By ROB GILLIES Associated Press
TORONTO (AP) — Eight teenage girls who apparently met on social media have been charged with second-degree murder in the stabbing death of a 59-year-old man in Toronto, police said Tuesday.
Investigators allege that the girls assaulted and stabbed the man in the city’s downtown core early Sunday morning. Toronto Police said medics took the man to a hospital, where he died.
According to police, the eight girls were arrested near where the attack happened. Three of the girls are 13 years old, three are 14 and two are 16.
Detective Sgt. Terry Browne of the Toronto Police Service Homicide Squad said investigators think the girls were trying to take a bottle of alcohol from the man.
“I’ve been in policing for almost 35 years and you think you’ve seen it all,” Browne said in an interview with The Associated Press. “Anyone who isn’t shocked with hearing something like this has clearly just thrown in the towel and just said that anything is possible in this world. Eight young girls and most under the age of 16. If this isn’t alarming and shocking to everyone, then we’re all in trouble quite frankly.”
Browne said the same girls got into an altercation earlier in the night in the area. He declined to release more details about that.
“They met each other through social media. They come from varying parts of the city,” Browne said said. “We don’t know how or why they met on that evening and why the destination was downtown Toronto. We don’t know how long they were acquainted with each other. I wouldn’t describe them as a gang at this point.”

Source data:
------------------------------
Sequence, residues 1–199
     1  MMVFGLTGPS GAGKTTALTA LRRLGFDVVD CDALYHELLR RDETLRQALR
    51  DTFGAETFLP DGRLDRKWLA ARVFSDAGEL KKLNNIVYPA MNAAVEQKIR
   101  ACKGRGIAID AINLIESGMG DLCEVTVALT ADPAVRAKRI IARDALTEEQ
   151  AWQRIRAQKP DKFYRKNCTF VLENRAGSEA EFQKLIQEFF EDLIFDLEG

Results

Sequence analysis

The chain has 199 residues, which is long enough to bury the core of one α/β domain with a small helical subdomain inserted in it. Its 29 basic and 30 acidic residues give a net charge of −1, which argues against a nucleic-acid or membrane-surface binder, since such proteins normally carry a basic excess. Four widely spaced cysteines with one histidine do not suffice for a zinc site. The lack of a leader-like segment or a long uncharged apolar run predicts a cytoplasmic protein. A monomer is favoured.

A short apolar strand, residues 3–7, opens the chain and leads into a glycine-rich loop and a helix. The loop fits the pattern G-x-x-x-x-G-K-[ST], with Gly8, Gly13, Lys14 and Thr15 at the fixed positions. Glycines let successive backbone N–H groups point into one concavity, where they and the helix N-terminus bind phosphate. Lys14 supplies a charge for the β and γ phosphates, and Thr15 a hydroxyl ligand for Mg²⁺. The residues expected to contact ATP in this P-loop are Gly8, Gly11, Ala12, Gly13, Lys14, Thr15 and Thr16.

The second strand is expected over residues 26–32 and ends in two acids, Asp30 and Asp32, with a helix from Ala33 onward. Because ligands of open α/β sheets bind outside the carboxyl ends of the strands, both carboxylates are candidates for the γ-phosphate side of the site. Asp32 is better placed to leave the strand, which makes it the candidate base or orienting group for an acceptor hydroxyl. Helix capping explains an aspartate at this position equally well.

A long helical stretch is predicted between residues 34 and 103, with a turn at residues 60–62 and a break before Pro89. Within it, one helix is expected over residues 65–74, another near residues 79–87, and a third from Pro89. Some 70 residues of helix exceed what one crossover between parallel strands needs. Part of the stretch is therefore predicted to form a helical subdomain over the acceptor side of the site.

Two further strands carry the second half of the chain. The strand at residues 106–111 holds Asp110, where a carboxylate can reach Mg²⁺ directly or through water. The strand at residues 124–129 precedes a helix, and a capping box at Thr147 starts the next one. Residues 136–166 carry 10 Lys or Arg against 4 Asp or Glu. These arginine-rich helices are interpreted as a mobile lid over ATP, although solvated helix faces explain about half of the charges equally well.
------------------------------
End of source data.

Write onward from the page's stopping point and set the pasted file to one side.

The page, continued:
Browne said they took part in a “swarming.” He declined to say if they videotaped it. He said they will look to see if there are similar attacks online.
“Maybe these were eight young women that wanted to make a name for themselves and see if they could become socially famous,” he said.
Police believe they all acted in concert.
“They are all equally culpable,” he said. “There is no doubt in our minds that they were all working as a singular entity in a swarming mob mentality when they chose to attack this man.”
He said a number of weapons were seized, but he declined to say what kind. He also said three of the girls had prior encounters with the police.
“It’s bizarre that they would all have hooked up together and found their way to downtown Toronto. Their primary residences are all over the place,” he said.
Browne said police spoke to the parents of the teens.
“I can tell you it was a shock to find out that their children were involved in an event like this,” he said.
Canadian authorities can’t release the girls’ names by law because they’re underage.
They have made their first court appearance and remain in custody. The next court appearance is Dec. 29.
Browne said the victim started living in Toronto’s shelter system in September. He said they haven’t been able to reach certain family members and until they do they won’t release his name.
“He does have a very supportive family in the area so I wouldn’t necessarily call him homeless. Maybe just recently on some hard luck,” he said.
Browne said they are asking anyone who saw the the group of teens that night to contact police.
He said 20 or 30 years ago in Toronto young teen boys would swarm others and try to steal Dr. Martens boots or Air Jordan shoes for a time but said that faded away.
“Has this happened recently that we are not aware of? Have people been posting this stuff online that we weren’t aware of?” he said. “It’s something that we are going to try to find out.”
University of Ottawa criminologist Michael Kempa said it could be related to the breakdown of socialization as well as parenting in a time of pandemic, noting parental substance abuse is way up. He also said it could be amplification of anti-social attitudes via social media, made worse by mis-dis-information.